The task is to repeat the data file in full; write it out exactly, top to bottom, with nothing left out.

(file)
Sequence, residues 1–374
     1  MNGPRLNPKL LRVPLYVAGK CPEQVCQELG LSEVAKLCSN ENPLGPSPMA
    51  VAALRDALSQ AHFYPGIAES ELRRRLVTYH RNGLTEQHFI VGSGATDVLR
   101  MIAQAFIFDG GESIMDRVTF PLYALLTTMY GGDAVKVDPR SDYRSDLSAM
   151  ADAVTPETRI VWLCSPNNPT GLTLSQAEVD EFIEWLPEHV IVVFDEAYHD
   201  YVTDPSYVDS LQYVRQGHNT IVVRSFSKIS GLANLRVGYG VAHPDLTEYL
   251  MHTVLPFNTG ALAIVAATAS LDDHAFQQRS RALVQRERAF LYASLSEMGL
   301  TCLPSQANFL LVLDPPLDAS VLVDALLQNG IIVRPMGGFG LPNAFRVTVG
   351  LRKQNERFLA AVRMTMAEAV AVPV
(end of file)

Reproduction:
Sequence, residues 1–374
     1  MNGPRLNPKL LRVPLYVAGK CPEQVCQELG LSEVAKLCSN ENPLGPSPMA
    51  VAALRDALSQ AHFYPGIAES ELRRRLVTYH RNGLTEQHFI VGSGATDVLR
   101  MIAQAFIFDG GESIMDRVTF PLYALLTTMY GGDAVKVDPR SDYRSDLSAM
   151  ADAVTPETRI VWLCSPNNPT GLTLSQAEVD EFIEWLPEHV IVVFDEAYHD
   201  YVTDPSYVDS LQYVRQGHNT IVVRSFSKIS GLANLRVGYG VAHPDLTEYL
   251  MHTVLPFNTG ALAIVAATAS LDDHAFQQRS RALVQRERAF LYASLSEMGL
   301  TCLPSQANFL LVLDPPLDAS VLVDALLQNG IIVRPMGGFG LPNAFRVTVG
   351  LRKQNERFLA AVRMTMAEAV AVPV